Rip-Off Alert: Work-at-home scam uses different tactic on its victims
LAS VEGAS (KSNV News3LV) —
There are legitimate work-from-home jobs. In fact, Amazon just recently announced new jobs that allow you to work at home, but not all gigs are genuine.
This one claimed to be legitimate, but it turned out to be a scam. One victim explains the one thing that could've kept her away from cons.
Pam McDeavitt already works from her Pittsburgh home, so when she got an email offering her an additional part-time job with flexible hours and good pay, she was interested.
“I signed up on their website, and I filled out everything and shortly thereafter I got an email,” she said.
The job was described as a re-shipper job. Payment would be $40 per package.
“If it would have been a whole lot of money, it would have been a red flag to me,” McDeavitt said. “If it would have been too little money, I wouldn't have been interested.”
She immediately received two packages. One was from Nordstrom.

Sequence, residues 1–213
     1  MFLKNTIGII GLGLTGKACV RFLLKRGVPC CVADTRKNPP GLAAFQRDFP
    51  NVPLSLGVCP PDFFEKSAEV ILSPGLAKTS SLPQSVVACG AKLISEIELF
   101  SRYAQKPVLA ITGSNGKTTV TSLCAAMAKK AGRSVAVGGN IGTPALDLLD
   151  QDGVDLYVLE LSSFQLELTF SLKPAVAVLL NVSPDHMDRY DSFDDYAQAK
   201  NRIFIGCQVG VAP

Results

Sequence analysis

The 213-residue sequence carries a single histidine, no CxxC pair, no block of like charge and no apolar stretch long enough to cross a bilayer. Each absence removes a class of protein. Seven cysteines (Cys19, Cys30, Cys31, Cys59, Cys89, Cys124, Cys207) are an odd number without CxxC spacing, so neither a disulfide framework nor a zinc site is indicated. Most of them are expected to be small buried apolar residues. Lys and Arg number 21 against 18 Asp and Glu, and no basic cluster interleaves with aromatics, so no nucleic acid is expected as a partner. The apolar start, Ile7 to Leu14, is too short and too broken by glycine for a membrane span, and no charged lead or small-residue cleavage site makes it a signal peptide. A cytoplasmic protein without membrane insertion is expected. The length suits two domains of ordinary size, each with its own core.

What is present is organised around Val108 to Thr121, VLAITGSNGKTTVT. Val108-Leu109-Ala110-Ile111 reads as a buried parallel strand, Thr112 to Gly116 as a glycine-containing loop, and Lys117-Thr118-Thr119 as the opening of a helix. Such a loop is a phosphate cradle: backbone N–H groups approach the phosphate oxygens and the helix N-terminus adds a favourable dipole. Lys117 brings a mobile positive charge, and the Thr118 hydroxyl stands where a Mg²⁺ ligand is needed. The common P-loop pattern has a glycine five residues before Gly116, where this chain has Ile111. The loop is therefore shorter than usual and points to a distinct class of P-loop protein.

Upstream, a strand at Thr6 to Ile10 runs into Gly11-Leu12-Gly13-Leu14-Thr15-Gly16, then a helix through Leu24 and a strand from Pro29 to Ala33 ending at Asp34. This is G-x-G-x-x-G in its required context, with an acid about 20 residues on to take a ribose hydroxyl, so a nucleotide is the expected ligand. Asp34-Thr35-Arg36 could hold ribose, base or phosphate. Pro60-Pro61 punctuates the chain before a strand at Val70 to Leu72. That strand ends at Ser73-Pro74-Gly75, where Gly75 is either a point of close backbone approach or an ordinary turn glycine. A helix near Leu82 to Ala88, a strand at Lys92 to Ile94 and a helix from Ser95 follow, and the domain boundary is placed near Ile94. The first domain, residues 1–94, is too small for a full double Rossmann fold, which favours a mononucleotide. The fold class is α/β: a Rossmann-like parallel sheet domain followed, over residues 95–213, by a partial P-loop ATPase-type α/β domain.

She printed out the shipping label and sent it to the address she was given. But when she got the next package, she felt something wasn't right, so she emailed the company.
“I just want to be clear, there's nothing in this package that is considered dangerous because I don't want to get in any trouble, OK? There's nothing in here that's dangerous or terrorist?” she wondered.
They sent back an email, but she still had reservations.
“Why was I getting a package from Nordstrom? Why was it sent to me and then I'm sending it to somebody else?” she asked.
She then called postal inspectors.
“There are legitimate work-at-home jobs,” said U.S. Postal Inspector Joseph Bell. “However, they are few and far between.”
Inspectors learned the postage McDeavitt was using was counterfeit. They caution consumers to research any potential employer. Sometimes a simple internet search will reveal a scam.
Follow-up with that company by independently finding a phone number or an address for that company. And make contact through that phone number or address. Don't rely on what was emailed to you.
Check online to see if there are complaints or other red flags before you sign up for the job.